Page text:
The fourth issue is a refusal to try and learn from what has happened elsewhere. We get several delegations a day coming to Estonia to learn from our experiences and very few ever implement the changes because they just say Estonia is too small, or we are a special case, or some other excuse. More than 60 countries from around the world have now learned and applied our lessons, but that has not stopped many others from limiting themselves because they choose not to listen.
Digital innovation seems to be a buzzword that is used a lot in the public sector these days. What are some tangible and meaningful ways that governments can foster digital innovation? Can you share any examples from Estonia or other countries?
In Estonia, instead of trying to find ways to run innovation centrally, we have looked to empower innovation from the bottom up. Governments are made up of people working across very different domains with very different responsibilities. The key to innovation is encouraging people in different government roles to think creatively about how they can make the most of digital technology.
You can see this approach in the way the Estonian office of the Chief Information Officer’s (CIO) currently operates. The CIO office sets a strategy and the roadmap to achieving the strategy. For example, the strategy may suggest that AI should be better used across government. The CIO office then uses its funding to try and provide incentives for experimentation and the development of new ideas across government to contribute towards that broader vision.
The process of co-creation has been a cornerstone of Estonia’s success. I mentioned our openness to partnerships earlier, and that has been really helpful in terms of innovation. We developed a legal framework called “Testbed” which basically allows a company or academic institution to come to the Government with a novel solution, and they can try it out on the government technology stack and see if it works. If it works, the Government can have access to their technology and in return they get a good practical reference and a good setting in which to test it.
Lower-income countries will face additional challenges, such as raising funds. What advice would you have?
Nothing worth having comes for free. Thankfully, there is funding available from international donors and financial institutions to get digital transformation projects off the ground. The real challenge is that once you have built a new system, you need money to maintain and improve it. It is vital to see all this money as an investment. Digital transition is a game-changer for governments and those that do manage it will have the upper hand and go on to achieve more.
There are certain things low-income countries can focus on. One is achieving early wins. It is important to show that digital really is the way forward. Things like moving some simple services online or getting rid of noticeable bureaucracy can buy you time and support.
Ultimately, though, securing digital transformation is a laborious, unglamorous process of working hard to put all the right details in place. A lot of what resource-challenged countries need to do is build good governance systems to enable them to do that work well.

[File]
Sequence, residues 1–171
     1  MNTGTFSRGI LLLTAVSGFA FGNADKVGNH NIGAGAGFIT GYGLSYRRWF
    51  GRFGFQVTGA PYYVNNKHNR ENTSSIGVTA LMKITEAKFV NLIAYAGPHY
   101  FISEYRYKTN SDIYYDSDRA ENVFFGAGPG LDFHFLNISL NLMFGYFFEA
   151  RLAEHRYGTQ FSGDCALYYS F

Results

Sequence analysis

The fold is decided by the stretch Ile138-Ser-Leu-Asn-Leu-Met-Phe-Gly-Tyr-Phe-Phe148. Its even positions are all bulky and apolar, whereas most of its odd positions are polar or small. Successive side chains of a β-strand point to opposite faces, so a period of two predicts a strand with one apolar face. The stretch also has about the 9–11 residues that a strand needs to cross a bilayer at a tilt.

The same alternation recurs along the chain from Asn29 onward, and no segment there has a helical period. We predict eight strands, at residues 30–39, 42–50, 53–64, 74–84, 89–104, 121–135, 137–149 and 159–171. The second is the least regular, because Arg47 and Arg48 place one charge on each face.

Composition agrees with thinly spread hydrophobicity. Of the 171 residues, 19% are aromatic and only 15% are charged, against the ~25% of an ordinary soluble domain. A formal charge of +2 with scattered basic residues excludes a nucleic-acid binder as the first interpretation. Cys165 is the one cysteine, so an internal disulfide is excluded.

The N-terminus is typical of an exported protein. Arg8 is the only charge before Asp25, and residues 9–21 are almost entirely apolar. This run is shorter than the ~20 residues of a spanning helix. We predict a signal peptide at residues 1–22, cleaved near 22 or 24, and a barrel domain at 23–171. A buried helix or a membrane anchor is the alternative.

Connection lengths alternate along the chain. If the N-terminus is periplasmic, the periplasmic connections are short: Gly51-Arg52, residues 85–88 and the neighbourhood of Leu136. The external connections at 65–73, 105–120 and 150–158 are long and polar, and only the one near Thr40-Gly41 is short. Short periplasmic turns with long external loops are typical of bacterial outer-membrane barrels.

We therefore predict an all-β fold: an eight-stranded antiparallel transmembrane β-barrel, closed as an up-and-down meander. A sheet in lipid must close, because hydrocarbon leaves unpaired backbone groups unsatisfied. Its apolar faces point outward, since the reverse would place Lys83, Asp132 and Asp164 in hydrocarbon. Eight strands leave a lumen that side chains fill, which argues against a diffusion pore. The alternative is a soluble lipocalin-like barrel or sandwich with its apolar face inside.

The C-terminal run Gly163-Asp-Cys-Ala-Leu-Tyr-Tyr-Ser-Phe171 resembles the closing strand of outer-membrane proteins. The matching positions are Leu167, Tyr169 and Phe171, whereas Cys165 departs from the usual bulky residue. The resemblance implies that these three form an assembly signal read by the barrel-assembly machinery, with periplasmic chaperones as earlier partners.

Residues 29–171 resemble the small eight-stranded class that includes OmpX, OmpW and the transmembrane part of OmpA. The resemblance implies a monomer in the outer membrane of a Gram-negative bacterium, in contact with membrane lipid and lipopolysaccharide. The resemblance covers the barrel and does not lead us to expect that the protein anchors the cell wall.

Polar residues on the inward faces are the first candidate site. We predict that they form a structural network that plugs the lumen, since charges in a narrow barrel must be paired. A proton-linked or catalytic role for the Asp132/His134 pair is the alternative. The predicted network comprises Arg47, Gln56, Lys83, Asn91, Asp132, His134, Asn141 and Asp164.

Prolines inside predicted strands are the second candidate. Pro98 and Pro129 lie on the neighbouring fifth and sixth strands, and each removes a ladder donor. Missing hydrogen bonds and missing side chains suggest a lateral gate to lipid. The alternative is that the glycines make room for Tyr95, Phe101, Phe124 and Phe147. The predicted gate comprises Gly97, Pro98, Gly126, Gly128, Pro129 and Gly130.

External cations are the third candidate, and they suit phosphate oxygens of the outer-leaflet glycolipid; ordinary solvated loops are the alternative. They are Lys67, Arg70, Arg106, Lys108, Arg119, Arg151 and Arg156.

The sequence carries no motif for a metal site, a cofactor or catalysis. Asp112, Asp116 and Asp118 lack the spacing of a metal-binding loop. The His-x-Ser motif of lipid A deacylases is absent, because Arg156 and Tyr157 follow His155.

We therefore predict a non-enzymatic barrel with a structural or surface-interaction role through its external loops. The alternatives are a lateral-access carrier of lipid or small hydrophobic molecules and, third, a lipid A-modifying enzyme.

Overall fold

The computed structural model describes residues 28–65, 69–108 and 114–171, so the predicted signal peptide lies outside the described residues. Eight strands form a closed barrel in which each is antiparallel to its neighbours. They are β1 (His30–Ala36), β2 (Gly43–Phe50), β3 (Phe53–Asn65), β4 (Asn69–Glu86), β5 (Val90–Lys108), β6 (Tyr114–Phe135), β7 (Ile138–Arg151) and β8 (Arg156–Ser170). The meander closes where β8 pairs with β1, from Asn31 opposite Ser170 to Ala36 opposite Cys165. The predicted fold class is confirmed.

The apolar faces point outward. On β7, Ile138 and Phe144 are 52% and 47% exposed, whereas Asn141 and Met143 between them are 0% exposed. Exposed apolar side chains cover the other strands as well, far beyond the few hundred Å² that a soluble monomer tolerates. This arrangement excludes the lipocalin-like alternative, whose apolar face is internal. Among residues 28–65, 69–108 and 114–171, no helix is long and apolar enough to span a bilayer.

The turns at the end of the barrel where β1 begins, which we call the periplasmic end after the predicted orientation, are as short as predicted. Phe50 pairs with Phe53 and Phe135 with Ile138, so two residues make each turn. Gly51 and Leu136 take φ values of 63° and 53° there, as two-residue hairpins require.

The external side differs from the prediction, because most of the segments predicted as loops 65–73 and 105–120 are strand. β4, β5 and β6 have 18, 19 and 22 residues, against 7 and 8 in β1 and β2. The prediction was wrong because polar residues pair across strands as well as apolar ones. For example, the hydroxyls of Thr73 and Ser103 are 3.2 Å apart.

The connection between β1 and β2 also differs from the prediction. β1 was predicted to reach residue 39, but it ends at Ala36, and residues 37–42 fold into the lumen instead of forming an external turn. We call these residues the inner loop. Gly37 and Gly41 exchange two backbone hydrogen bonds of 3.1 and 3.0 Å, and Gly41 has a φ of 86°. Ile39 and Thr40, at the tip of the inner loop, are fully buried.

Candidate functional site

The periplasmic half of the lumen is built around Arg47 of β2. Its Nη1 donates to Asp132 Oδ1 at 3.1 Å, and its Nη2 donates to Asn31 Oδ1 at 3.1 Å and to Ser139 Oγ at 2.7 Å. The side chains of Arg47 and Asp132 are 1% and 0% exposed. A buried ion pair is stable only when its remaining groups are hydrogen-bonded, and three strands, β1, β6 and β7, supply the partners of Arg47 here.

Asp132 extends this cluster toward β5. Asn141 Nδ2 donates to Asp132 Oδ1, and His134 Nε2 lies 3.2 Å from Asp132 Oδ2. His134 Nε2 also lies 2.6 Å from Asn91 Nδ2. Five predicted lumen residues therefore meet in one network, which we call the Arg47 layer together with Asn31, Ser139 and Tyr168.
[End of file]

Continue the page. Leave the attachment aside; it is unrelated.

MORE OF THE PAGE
You have talked about the importance both of having a strong roadmap and of allowing innovation to flourish from the ground up. In many countries, a coordinating body within government takes charge of this roadmap. In your view, what makes a good coordinating body for innovation within government?
If I look at some examples around the world, two things stand out to me. The first is that you have to have what we might call a serving mindset. The best coordinators do not arrogantly boss people around; they are focused on helping the ministries and agencies they work with by empowering and engaging them.
The second is that you have to be relentless. Things will go wrong along the way, people will not fall into line, and there will be fights and disputes. Keeping at it, continuing to use all the levers available to you, is a really core part of achieving success.
What were some of your most memorable experiences as Estonia’s CIO and what advice do you have for other government leaders in similar positions?
The highlights were the times we were able to take world-leading next steps. Getting AI tested in government or working during Estonia’s presidency of the European Union to define the digital agenda for the whole of Europe were very special. The best was seeing these ideas really take off and gain traction.
If I were to offer any advice, it would be to emphasise three things I mentioned earlier. First, you need a relentless focus on delivery. Second, embrace the start-up culture; be agile and take risks. Third, do not be afraid to learn from others. It is silly to waste time and resources learning the same painful lessons that somebody else could have shared with you from their own experience.
Siim Sikkut led the digital government and digital policy area for Estonia, most recently as Government CIO (2017-2022). Recognised by Apolitical.co among the TOP20 most influential people in digital government, he advises governments and leaders on digital strategy, leadership, and governance; digital service reforms; and public sector innovation. He authored “Digital Government Excellence: Lessons from Effective Digital Leaders” (Wiley, 2022).